• SPD | Max Singer: I want to be a volunteer to help refugees when they arrive in my country, I will talk to my organisation to orga.
  • Christoffer Modig: Write a thesis on the subject
  • Fondazione Giacomo Brodolini | Megan PILLI: I will promote resettlement, I will talk to my organisation to organize an event/ acti.
  • Caritas International | Elisabeth Verniers: Engage in the coaching of new arrived resettlers in Belgium help to mobilize local c.
  • Valentina Sofia Caron: I will talk to my organisation to organize an event/ action to promote resettlement, I want to be a volunte.
  • Swedish Migration Board | Denise Thomsson: I will talk to my organisation to organize an event/ action to promote resettlement, I.
  • Finnish Ev. Lutheran Church Council | Marja-Liisa Laihia: I will talk to my organisation to organize an event/ action to promote r.
  • Humber College | Evelyn Butler: I will send a petition to my government/city, I will talk to my organisation to organize an event.
  • AGIRE (Italian Agency for Emergency Response) | Cecilia Signorini: I want to be a volunteer to help refugees when they arrive in my country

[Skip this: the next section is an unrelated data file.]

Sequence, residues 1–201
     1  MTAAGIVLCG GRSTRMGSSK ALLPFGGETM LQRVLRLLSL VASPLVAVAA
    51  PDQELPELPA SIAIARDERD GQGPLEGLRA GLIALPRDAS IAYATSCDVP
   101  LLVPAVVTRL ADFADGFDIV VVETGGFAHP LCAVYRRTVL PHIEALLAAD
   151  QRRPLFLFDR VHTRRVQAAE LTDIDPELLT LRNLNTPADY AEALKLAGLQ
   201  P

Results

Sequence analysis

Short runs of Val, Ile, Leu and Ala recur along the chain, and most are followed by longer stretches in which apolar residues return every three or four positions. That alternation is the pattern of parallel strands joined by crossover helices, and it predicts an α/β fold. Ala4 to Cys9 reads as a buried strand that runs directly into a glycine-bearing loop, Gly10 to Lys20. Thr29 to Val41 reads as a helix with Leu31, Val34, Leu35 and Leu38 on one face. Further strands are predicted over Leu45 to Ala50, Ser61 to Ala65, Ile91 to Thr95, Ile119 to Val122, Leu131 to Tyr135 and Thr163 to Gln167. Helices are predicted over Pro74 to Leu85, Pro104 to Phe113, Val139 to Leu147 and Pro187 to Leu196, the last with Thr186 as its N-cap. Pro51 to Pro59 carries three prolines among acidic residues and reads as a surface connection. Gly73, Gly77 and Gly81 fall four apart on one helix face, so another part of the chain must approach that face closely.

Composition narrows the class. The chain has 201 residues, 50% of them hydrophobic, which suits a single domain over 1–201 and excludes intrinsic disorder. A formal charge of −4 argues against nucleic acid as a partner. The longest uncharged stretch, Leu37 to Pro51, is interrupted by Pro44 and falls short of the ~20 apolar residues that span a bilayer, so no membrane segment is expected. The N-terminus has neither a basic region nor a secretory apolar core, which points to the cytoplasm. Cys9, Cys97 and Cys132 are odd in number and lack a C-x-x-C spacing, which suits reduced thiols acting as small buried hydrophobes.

Already a MEMBER?

RESETTLEMENT SAVES LIVES

I want to help 20.000 refugees to start a new life in Europe each year by 2020

CAMPAIGN WITH US!

Campaign toolkits are now available. Get engaged and help us make a difference.

You are here

The Colombian refugee situation

Nearly 50 years of armed conflict between guerrillas, paramilitaries and the Colombian army resulted in the movement of over 4 million Colombians – both within Colombia and across its borders – since 1985. Around half a million have fled to neighbouring countries, mainly to Ecuador, but also to Costa Rica, Panama and Venezuela. At present, approximately 70,000 Colombian refugees are registered with UNHCR in the region.

While the flow of refugees to neighbouring countries has decreased in recent years, the need for protection remains high. Although members of the Revolutionary Armed Forces of Colombia (FARC) have resumed peace negotiations with representatives of the Colombian government in June 2013, continued violence in some parts of Colombia makes that voluntary repatriation is not the preferred solution for most Colombian refugees.